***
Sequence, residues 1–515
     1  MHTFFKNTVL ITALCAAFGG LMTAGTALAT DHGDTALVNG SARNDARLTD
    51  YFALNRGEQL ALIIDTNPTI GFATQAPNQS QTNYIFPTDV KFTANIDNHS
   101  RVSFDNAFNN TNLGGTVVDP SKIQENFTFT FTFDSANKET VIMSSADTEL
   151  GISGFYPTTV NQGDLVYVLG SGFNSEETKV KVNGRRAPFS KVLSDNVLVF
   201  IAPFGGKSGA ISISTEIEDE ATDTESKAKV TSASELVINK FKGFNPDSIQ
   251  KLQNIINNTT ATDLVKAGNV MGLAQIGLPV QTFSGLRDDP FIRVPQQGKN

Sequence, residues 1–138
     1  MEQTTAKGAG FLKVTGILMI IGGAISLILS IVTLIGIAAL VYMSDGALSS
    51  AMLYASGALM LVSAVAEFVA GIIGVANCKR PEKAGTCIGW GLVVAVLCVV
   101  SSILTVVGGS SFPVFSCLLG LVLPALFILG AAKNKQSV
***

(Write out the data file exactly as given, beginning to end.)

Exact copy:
Sequence, residues 1–515
     1  MHTFFKNTVL ITALCAAFGG LMTAGTALAT DHGDTALVNG SARNDARLTD
    51  YFALNRGEQL ALIIDTNPTI GFATQAPNQS QTNYIFPTDV KFTANIDNHS
   101  RVSFDNAFNN TNLGGTVVDP SKIQENFTFT FTFDSANKET VIMSSADTEL
   151  GISGFYPTTV NQGDLVYVLG SGFNSEETKV KVNGRRAPFS KVLSDNVLVF
   201  IAPFGGKSGA ISISTEIEDE ATDTESKAKV TSASELVINK FKGFNPDSIQ
   251  KLQNIINNTT ATDLVKAGNV MGLAQIGLPV QTFSGLRDDP FIRVPQQGKN

Sequence, residues 1–138
     1  MEQTTAKGAG FLKVTGILMI IGGAISLILS IVTLIGIAAL VYMSDGALSS
    51  AMLYASGALM LVSAVAEFVA GIIGVANCKR PEKAGTCIGW GLVVAVLCVV
   101  SSILTVVGGS SFPVFSCLLG LVLPALFILG AAKNKQSV